Black History Month Facts You Probably Didn’t Know
February is known as Black History Month, and it is a time to recognize and celebrate the achievements made by African Americans in U.S. history. Continue reading for some interesting facts about Black History Month, the people who contributed, and the important events that took place.
The National Association for the Advancement of Colored People was founded on February 12, 1909. A group of African American leaders joined together to form the most influential civil rights organization.
John Mercer Langston became the first black man to become a lawyer in 1854. In 1855, he was elected to the post of Town Clerk in Brownhelm, Ohio. This made him one of the first African Americans to be elected to public office in America. If his last name sounds familiar, it is. John Mercer Langston was the great uncle of Langston Hughes, famous poet of the Harlem Renaissance.
Supreme Court Justice
Thurgood Marshall was the first ever African American to be appointed to the United States Supreme Court.
First Woman Rep
The first African American woman elected to the House of Representatives was Shirley Chisholm. She represented New York state in 1968, and in 1972, she was the first major party African American candidate to run for president of the United States.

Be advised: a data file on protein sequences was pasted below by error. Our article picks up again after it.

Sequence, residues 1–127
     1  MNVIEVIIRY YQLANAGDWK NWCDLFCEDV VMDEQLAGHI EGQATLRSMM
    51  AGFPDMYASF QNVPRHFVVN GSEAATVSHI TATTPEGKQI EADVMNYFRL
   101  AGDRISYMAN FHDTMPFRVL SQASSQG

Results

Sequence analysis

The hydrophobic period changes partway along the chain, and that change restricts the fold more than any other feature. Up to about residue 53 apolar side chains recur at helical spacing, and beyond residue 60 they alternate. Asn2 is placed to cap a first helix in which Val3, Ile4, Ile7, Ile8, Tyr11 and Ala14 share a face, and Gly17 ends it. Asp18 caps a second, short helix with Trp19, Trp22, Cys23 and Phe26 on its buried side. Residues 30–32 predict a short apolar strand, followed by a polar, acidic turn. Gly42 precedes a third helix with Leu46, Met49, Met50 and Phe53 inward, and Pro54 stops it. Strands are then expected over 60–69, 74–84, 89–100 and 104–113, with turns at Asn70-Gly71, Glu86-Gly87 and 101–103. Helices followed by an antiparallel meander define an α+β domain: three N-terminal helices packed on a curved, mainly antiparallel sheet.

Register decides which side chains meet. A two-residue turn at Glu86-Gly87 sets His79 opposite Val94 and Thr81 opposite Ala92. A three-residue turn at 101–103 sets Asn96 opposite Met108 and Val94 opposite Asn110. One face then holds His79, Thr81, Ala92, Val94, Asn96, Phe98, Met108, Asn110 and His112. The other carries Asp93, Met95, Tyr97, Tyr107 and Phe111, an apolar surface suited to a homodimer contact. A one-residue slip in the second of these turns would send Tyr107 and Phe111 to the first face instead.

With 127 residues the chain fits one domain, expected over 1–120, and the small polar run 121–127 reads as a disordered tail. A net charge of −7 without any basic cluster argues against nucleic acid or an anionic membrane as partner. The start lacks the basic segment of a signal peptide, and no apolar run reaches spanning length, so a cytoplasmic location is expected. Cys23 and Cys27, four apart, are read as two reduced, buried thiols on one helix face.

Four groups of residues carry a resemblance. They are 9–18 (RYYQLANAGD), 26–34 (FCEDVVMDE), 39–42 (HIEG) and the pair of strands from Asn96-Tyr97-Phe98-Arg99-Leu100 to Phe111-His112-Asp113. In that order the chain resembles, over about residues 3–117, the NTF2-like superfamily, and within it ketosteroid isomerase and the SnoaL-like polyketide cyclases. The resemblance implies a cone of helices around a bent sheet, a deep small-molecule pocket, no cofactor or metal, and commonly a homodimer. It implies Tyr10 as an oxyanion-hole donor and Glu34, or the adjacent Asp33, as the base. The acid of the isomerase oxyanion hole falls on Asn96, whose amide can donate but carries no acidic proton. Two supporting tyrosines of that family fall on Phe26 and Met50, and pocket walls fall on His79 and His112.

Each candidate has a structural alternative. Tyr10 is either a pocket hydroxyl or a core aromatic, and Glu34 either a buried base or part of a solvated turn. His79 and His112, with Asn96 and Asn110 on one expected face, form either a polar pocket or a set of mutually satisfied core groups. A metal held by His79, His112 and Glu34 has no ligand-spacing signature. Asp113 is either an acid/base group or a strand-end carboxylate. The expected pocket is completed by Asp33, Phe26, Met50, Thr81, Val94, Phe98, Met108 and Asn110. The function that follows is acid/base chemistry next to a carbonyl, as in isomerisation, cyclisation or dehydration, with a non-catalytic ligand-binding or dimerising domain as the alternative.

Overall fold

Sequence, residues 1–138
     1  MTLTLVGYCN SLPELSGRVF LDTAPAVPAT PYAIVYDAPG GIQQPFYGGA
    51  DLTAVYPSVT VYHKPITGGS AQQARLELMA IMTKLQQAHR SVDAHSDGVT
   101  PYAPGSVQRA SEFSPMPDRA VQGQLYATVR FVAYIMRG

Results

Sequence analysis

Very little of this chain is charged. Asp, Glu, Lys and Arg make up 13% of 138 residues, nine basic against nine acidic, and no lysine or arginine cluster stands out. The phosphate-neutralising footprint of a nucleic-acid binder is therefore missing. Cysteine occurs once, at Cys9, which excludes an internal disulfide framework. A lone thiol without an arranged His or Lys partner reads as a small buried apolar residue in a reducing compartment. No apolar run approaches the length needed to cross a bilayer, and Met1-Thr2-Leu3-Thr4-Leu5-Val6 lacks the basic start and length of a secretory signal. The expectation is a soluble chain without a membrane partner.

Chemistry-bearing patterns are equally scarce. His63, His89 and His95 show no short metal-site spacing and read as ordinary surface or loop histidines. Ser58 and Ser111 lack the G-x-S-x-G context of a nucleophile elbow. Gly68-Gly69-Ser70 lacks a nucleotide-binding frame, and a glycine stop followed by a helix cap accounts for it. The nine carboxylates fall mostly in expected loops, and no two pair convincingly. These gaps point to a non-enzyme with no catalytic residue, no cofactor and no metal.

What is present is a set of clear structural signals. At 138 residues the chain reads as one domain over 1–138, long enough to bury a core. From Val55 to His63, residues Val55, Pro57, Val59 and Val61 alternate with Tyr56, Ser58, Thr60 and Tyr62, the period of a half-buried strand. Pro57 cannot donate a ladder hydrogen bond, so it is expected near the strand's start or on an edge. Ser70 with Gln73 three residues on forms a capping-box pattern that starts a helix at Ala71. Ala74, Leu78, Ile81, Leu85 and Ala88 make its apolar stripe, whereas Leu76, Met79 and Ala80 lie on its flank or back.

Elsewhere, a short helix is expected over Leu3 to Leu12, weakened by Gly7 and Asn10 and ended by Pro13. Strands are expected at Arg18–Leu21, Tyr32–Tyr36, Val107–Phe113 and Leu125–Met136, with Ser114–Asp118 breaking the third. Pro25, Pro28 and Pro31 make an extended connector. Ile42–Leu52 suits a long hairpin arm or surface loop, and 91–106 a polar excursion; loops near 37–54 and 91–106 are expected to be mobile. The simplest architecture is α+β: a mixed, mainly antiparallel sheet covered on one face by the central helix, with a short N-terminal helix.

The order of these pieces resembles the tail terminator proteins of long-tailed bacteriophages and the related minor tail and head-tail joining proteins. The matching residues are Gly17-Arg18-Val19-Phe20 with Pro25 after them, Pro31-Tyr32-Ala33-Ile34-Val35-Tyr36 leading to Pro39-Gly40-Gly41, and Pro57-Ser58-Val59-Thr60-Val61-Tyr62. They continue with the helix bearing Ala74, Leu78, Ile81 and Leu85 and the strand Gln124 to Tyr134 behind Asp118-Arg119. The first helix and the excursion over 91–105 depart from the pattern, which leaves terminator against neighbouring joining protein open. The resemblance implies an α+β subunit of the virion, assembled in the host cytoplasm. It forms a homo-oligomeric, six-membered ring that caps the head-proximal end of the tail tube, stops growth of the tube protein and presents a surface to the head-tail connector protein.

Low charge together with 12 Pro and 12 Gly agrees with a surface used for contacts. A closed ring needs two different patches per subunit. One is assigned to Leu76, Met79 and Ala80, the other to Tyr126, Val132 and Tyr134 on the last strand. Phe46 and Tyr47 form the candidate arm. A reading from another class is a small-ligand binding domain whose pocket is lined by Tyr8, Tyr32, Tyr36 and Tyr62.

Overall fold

First African American Nominated Director
John Singleton earned an Academy Award nomination for his 1991 film Boyz N the Hood. He was just twenty-two years old when he made the film, and the youngest person to be nominated for that award.
Rebecca Lee Crumpler studied at New England Female Medical College (now known as the Boston College School of Medicine) and became the first African American woman in the country to earn a medical degree in 1864.
After a rough childhood, Madam C.J. Walker became the first female self-made millionaire after starting her own hair product company. She toured the country and gave demonstrations on her line of African American hair care products.
Hattie McDaniel was the first African American to win an Academy Award. She earned this honor for her performance in Gone with the Wind in 1940.
Barack Obama became the first African American president in 2009. He served for two terms from 2009-2017.
Celebration Outside the U.S.
The United States is not the only country that celebrates all the great things accomplished by African Americans. Canada started celebrating in 1995 but was officially recognized by a bill in 2008, which received unanimous approval. The United Kingdom also celebrates Black History Month in October.
Black History Month as Inspiration
Did you know that Black History Month inspired many black history celebrations, including Juneteenth? Juneteenth is a holiday that celebrates the abolition of slavery in Texas in June 1865.
Morgan Freeman Doesn’t Support Black History Month
The Academy Award-winning actor does not support the idea of black history being celebrated during a period of one month. He believes that black history is American history and should be celebrated and studied year round.